Jump to content

Improving PECO Turntable

Recommended Posts

When building the PECO turntable for my layout I discovered it had a number of mechanical short comings, so when I was asked to build another turntable for a friend I decided to rectify these problems during construction.

(a)With the heavier weight of modern RTR locos the turntable is unable to cope, the turntable well will sag in the middle.

If you mechanise it, the centre spindle can start to move within the bridge bearing. The springs which hold the current collectors can cause the bridge to move up and down as a loco rolls on and off the bridge.

All these problems can be over come with a little ingenuity.


I first glued the three pieces that form the’ well’ together, then I filed the outer lip on the bottom to the same depth as the locating lugs on the which join the three pieces together. Using a thick piece of plasticard, 125 thou thick, I cut a circle the same diameter as the bottom of the turntable well with an appropriate sized circle cut in the centre to allow for the bearing assembly (photo A), this was glued to the underside of the turntable and allowed to thoroughly dry on a flat surface, it is essential this is flat. You could use a piece of ply instead as long as it is rigid.


The next problem to be solved is that of fixing the spindle to the underside of the bridge, although a tight fit, even if glued this can twist and slip if the loco is heavy or the bridge encounters any friction.

Insert the metal spindle into the boss assembly and then drilled a 1 mm hole at right angles through the boss and the spindle, then inserted a piece of wire, this locks the two together(photoB)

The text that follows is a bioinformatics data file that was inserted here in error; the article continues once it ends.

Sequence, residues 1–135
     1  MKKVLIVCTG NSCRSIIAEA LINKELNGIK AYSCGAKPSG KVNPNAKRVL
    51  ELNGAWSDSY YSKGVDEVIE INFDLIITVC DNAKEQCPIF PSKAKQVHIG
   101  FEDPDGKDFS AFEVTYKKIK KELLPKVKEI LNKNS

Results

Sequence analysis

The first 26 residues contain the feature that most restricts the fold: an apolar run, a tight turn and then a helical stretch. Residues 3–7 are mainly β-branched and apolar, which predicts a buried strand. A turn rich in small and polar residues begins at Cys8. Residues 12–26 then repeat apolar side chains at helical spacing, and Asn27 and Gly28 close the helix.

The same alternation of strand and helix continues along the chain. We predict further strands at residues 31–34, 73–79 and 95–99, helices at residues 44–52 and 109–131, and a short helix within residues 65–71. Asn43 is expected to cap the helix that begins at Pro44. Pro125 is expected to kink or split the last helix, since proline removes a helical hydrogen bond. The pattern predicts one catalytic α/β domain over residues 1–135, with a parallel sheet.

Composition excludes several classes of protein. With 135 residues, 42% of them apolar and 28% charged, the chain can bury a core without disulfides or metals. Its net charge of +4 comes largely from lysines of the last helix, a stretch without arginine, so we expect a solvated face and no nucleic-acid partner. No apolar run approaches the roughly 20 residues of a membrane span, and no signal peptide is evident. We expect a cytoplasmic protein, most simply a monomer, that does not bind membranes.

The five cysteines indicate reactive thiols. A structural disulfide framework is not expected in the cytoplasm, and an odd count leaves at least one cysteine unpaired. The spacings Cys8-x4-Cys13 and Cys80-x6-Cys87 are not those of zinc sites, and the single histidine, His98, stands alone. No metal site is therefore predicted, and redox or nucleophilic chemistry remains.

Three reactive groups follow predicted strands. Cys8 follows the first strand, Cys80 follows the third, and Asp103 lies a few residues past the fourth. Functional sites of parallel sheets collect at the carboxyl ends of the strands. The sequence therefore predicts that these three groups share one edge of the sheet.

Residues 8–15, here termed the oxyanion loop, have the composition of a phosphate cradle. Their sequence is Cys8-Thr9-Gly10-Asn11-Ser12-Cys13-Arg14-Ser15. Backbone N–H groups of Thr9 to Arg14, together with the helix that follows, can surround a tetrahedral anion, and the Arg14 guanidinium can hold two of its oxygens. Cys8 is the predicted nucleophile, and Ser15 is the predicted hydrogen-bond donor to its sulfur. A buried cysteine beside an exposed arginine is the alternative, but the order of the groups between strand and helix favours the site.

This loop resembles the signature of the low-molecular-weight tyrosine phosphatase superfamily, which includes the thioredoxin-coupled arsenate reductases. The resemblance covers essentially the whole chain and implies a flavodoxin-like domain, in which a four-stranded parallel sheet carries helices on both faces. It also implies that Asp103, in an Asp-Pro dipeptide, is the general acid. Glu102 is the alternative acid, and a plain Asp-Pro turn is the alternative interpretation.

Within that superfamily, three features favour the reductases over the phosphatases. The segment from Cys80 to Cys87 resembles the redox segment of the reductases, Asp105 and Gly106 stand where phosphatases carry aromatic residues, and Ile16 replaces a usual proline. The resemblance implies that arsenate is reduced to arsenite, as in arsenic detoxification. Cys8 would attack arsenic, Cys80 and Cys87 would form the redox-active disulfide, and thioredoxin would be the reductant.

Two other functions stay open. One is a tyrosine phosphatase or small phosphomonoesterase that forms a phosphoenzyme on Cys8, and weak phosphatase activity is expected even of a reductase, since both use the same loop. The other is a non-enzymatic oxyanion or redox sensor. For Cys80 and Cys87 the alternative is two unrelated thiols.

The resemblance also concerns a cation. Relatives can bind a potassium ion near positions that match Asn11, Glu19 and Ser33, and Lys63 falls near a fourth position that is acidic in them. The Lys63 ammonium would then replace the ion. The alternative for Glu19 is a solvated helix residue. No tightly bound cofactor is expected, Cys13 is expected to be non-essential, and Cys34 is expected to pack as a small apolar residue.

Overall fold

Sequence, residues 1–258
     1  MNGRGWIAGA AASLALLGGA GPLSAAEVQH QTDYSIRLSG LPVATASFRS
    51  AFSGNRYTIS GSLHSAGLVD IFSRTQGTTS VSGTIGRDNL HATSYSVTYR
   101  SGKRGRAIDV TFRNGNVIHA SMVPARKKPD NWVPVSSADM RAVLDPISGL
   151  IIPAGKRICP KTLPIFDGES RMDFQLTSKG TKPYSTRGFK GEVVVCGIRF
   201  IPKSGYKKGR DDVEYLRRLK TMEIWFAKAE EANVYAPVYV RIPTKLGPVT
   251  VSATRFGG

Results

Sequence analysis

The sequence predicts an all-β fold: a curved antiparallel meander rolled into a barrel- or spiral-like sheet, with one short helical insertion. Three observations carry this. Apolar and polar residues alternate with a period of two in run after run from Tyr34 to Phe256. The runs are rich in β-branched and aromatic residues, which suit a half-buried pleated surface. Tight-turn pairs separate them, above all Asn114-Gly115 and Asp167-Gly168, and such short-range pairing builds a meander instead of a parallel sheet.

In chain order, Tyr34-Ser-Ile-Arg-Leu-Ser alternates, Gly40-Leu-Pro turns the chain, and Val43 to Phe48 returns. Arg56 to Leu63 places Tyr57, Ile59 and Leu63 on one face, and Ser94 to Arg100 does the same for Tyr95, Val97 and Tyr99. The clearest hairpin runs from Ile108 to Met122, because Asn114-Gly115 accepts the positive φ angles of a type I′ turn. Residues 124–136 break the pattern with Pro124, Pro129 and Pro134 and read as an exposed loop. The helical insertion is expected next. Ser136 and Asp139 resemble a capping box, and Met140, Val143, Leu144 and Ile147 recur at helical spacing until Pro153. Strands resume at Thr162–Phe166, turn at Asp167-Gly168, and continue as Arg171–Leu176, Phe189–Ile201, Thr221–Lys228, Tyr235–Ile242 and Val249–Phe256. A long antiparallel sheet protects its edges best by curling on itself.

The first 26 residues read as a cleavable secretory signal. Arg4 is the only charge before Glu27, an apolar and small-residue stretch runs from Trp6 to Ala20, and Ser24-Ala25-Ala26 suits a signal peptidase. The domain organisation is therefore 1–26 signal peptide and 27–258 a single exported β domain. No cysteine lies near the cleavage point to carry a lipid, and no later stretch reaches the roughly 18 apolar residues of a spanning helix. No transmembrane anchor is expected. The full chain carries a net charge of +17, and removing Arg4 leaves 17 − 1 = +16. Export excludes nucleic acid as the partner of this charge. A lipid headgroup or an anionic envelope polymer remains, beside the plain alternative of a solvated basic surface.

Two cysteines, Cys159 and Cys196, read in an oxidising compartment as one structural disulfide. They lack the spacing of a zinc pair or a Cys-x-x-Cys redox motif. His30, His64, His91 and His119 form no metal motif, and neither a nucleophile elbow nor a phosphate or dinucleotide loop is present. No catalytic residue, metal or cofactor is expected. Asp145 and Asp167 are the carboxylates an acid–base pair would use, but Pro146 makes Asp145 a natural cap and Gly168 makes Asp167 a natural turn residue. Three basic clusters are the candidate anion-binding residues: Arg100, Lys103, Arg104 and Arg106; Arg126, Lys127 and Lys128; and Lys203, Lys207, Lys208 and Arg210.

The turntable can be made as per the instructions, until you get to the part where you fix the retaining collar piece (21), the instructions suggest that this is glued, I do not recommend this as it is quite easy for the glue to lock the bridge to the rest of the turntable, in which case you have a serious problem, also by gluing you are then unable to take it apart for any future maintenance.

Replace the plastic collar with a metal washer with an inside diameter of 7.5mm and then made a 1mm hole in the spindle through which is placed a piece of wire (photo C) This stops the any vertical movement of the bridge but does not hinder its rotational movement.

I decided to make the turn table hand operated using Meccano components as per the instructions, I filed a flat on the spindle so that the large gear wheel (Meccano 27c) will not slip (Photo D). Note the thrust bearings at each end of the bracket; these keep the worm in position against the gear.

There can be a tendency for the gear and worm unmesh under load, so I added a strap to the frame holding the worm, this keeps the spindle gear in mesh with the worm (photo E), note the spacing washers between the strap and the plasticard, this allows you to make small adjustments to the meshing by the addition or removal of these washers.

Photo F shows the addition of a motor using another set of gears and worm if you wish to motorise the turntable.

Finally when installing the turntable into your base board I would recommend that you addionally support the base with a couple of battens.

Meccano components are easily available on Ebay

These simple improvements will make your turntable much more reliable and smooth running,







Link to post
Share on other sites


This topic is now archived and is closed to further replies.

  • Create New...